Yet despite her obvious concern for the foreign victims - only one native Dutch person was killed - she is critical of the help she received from the authorities: 'They didn't think enough about the Dutch people. There were facilities for all the different nationalities but not for us. I don't mean that in a racist sense but we needed support, possibly more than some other groups because we do not have the close family ties that they do.'
The accident and its aftermath is still imprinted in her mind: 'You won't be able to describe in words what we feel. I don't need a video to see it all again, it's like there is one going permanently in my head. How can you forget the smell of burning people and kerosene, or watching the rescuers pick up bits of bodies? They tell us to live our lives, but they don't tell us how.'
Yet for many, the recovery process has been successful. Viktor Kense, a spokesman for the psychiatric service, explains that the key to getting over such events is to relive them in counselling: 'They have to get the emotion back that wasn't felt at the time because events happened so quickly. Often they have a blank about a period which we try to get them to remember.' The counsellors also try to prevent the victims taking the escapist route - leaving their marriages, their jobs - because of an inability to cope. Mr Kense says: 'They need to understand that it is normal to have nightmares about this.'
There is a sharp divergence between those who were there on that awful Sunday night and those who were off the estate. Sherron Brink, a middle-aged Canadian woman who lives in the block that the plane just missed, says: 'I spent the first week talking about it and I still do. But my husband wasn't there that night and he doesn't feel anything.'
Indeed, a year later part of the collective therapy is to talk about the events of that night. Memories may have become distorted - as one old man who was there put it, 'if you believed everybody who said they saw the plane before it crashed, you'd think they all were looking out of the window at that moment' - but the telling of stories is part of the process of healing.
The residents have not been forgotten, it's just that nothing can compensate them for what has happened. The aftercare has generally been recognised as excellent, with little expense spared, and as Mr Fransman says, 'the press have been annoyed because there have not been any scandals'. But how can you compensate a community and its residents for having had a plane explode in the middle of it?
A few things would help, such as the payment of compensation. The legal case is still pending, although there are hopes that it will be resolved quickly. The accident, and a similar one in Taiwan involving another 747 freighter, led Boeing to undertake the most serious modification of an aircraft fleet in aviation history, adding, at a cost of dollars 1bn, a strut to each engine of the 1,000 747s in service to ensure that they do not fall off in stressed situations. Despite this, arguments about liability are still preventing a resolution of the case and expectations of millions of guilders (a guilder is around 40p) each have had to be dampened. Financial compensation is not a panacea, but according to Mr Kense, it would have helped many people get over their experience.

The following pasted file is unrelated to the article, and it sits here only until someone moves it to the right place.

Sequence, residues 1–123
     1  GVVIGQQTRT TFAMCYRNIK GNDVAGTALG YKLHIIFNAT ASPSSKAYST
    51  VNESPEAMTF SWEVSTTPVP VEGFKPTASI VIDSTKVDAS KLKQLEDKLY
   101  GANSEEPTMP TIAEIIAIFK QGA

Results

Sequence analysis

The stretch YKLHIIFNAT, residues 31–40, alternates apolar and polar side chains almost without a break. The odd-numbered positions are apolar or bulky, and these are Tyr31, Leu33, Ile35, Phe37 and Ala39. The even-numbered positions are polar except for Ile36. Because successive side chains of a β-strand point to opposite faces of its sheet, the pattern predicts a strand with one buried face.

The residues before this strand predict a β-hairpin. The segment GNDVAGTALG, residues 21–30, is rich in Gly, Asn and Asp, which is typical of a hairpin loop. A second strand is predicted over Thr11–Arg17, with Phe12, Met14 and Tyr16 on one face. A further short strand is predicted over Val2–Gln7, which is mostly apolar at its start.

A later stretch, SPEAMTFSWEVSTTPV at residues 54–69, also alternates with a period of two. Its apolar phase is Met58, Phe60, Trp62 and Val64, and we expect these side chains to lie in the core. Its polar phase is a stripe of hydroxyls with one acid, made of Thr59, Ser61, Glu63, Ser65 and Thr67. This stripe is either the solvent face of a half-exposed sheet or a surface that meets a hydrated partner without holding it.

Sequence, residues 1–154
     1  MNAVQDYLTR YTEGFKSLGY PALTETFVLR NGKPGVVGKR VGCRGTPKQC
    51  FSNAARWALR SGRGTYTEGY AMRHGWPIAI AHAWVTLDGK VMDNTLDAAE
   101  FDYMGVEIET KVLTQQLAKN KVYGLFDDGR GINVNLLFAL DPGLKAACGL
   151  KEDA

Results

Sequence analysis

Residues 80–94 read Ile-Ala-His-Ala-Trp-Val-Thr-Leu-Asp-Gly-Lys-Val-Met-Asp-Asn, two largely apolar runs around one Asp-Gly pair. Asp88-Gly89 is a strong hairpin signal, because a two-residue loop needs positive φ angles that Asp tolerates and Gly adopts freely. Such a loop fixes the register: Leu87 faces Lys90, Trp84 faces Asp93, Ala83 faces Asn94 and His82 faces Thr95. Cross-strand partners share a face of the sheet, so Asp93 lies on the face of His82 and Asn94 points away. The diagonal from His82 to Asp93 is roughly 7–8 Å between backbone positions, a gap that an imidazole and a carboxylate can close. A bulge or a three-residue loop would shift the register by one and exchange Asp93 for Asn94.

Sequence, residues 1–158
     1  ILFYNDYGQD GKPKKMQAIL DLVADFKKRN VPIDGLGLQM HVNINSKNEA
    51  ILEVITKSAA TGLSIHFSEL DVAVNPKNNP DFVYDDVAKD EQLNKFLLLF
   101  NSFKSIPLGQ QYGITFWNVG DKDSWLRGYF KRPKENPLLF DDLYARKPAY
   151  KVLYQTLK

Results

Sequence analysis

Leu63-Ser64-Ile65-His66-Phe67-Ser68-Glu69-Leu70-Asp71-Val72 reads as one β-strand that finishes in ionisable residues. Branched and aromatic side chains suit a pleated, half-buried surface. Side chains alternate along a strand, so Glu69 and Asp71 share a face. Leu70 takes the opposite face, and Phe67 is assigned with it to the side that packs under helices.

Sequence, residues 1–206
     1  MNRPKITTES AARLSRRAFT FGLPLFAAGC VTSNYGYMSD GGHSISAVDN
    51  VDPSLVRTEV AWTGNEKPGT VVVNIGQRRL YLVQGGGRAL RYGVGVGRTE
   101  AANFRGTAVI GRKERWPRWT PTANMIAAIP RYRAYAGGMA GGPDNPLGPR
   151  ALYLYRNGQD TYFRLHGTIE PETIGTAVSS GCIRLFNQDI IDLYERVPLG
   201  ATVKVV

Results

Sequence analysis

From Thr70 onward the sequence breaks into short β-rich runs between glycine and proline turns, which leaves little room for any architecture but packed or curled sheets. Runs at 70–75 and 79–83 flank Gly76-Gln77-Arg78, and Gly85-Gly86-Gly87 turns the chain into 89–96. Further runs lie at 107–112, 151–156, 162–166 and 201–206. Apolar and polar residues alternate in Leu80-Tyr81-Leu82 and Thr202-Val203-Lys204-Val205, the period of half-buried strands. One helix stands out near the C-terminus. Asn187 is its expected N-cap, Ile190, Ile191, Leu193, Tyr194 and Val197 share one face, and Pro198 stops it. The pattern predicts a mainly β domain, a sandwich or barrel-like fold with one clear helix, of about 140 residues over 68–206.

It would help, too, if the flight path over the estate could be moved, but that has so far proved impossible. Virtually everyone who was on the scene of the crash worries about the planes, particularly at night, even though they know the chances of a second such accident are infinitesimal.
There are, too, conspiracy theories and doubts. One of the two black box recorders is still missing; a tape of calls to the air traffic control centre that night has been erased; it took ages for details of the chemicals on board to emerge; there were tales of mysterious men in white overalls on the disaster site early the next morning, and so on. The report on the accident is due out in two weeks' time, but as Henk Van de Belt, chairman of a tenants' group and the person who videoed the first few minutes of the disaster puts it, 'there's a lot we haven't been told. It would have been helpful if the authorities had been more open'.
According to Dicky Pronk, a local councillor, the site of the demolished block will not be built on for several years because no one would want to live there. Eventually, there will probably be some low-rise housing, but whatever is built, those who were there on that terrible night know that nothing can disguise what it covers.